Significant in Quicksilver's development was the almost immediate arrest and imprisonment of Valenti for a drugs offense. He did not rejoin the band until late 1969. In 1965 the line-up was strengthened by the arrival of guitarist Gary Duncan and replacing Sonoban, Greg Elmore. They debuted at the end of '65 and played around the Bay Area and then the West Coast for the next two years, building up a large following, but resisting offers to record that had been taken up by their San Francisco acid-rock colleagues.
Quicksilver finally signed to Capitol toward the end of 1967 and recorded their self-titled debut album in 1968. Jim Murray departed soon after their well-received appearance at the Monterey Pop Festival in 1967. The quartet of Cipollina, Duncan, Elmore and Freiberg recorded the first two albums. Both were important in the development of San Francisco Rock music as the twin lead guitars of Cipollina and Duncan made them almost unique. The second collection, "Happy Trails", is now regarded as a classic. George Hunter and his Globe Propaganda company were responsible for some of the finest album covers of the '60s and "Happy Trails" is probably their greatest work. The live music within showed a spontaneity that the band were never able to recapture on subsequent recordings. The side-long suite of Bo Diddley's "Who Do You Love" has some incredible dynamics and extraordinary interplay between the twin guitarists.
Duncan departed soon afterwards and was replaced by UK session pianist and ex-Steve Miller Band and Jeff Beck Group member, Nicky Hopkins. His contributions breathed some life into the disappointing "Shady Grove", notably with the frantic "Edward, The Mad Shirt Grinder". The LP "Just For Love" showed a further decline with Valenti, now back with the band, becoming overpowering and self-indulgent. "Fresh Air" gave them a Top 50 U.S. hit in 1970. Cipollina and Hopkins departed, as did Freiberg following his arrest in 1971 for drug possession (he found a lucrative career later with Jefferson Starship). The remaining trio of Valenti, Duncan, and Elmore hired replacements and cut another couple of albums before disbanding.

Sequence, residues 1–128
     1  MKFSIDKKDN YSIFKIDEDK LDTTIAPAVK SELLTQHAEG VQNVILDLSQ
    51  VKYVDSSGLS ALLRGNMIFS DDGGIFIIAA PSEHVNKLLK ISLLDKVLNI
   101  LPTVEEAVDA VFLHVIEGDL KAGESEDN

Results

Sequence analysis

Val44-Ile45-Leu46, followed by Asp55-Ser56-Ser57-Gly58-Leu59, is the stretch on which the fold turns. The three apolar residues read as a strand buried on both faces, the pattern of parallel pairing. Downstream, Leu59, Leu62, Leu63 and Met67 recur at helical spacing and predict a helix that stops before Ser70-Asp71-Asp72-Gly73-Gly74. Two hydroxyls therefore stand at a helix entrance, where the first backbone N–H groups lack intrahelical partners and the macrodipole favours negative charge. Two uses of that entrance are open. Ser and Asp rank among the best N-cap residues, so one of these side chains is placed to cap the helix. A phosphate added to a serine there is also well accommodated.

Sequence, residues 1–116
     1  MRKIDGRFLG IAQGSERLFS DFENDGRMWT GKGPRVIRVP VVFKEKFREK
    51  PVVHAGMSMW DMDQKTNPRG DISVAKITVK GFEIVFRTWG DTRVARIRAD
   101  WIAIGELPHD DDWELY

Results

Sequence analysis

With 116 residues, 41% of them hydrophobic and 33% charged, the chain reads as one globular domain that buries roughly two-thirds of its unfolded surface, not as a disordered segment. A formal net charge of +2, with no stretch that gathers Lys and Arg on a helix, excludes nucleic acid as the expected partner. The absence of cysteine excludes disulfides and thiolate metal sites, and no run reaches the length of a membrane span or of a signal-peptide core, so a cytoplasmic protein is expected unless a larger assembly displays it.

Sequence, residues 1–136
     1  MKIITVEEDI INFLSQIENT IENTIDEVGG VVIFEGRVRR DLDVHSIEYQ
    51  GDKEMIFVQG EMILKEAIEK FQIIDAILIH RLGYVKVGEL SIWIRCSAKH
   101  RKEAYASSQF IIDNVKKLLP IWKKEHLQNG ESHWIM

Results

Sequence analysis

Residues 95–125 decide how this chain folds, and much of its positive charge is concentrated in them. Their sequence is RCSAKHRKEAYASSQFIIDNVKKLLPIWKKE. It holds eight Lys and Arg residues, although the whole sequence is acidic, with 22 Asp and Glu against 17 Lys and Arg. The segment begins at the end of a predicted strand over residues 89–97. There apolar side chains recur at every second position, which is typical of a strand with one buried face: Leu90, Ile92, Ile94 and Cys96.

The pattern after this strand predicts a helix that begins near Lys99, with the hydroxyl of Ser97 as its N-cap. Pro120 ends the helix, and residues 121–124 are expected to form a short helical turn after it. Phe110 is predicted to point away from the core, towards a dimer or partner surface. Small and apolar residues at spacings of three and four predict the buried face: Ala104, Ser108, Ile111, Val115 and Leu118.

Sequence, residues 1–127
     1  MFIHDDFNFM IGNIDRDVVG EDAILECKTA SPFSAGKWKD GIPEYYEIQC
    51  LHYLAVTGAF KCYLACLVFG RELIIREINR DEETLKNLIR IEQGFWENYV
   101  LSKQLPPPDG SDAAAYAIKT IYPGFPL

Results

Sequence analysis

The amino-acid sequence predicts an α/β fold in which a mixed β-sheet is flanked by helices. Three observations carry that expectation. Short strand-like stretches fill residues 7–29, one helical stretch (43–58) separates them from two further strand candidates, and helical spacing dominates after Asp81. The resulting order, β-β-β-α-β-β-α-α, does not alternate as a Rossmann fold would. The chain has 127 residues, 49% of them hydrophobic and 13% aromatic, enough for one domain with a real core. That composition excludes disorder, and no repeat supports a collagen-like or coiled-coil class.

Various incarnations have appeared over the years with little or no success. In 1986, Gary Duncan recorded "Piece By Piece", an album carrying the Quicksilver name that also featured Freiberg on background vocals, but by then old fans were more content to purchase copies of the first two albums on compact disc. "Shapeshifter Vols. 1 & 2" were issued in 1996, and "Shapeshifter Vols. 3 & 4", along with "Strange Trim" came out in 2006. That same year, Gary Duncan and David Freiberg launched a 40th-anniversary celebration tour as Quicksilver Messenger Service. They carried on into 2010, often opening for Jefferson Starship.
Not many of Quicksilver's members are left, as John Cipollina passed away, May 29th, 1989, the great Nicky Hopkins left us in September 1994 and Dino Valenti died November 16th, 1994.
For more, be sure to read Gary James' interview with Gary Duncan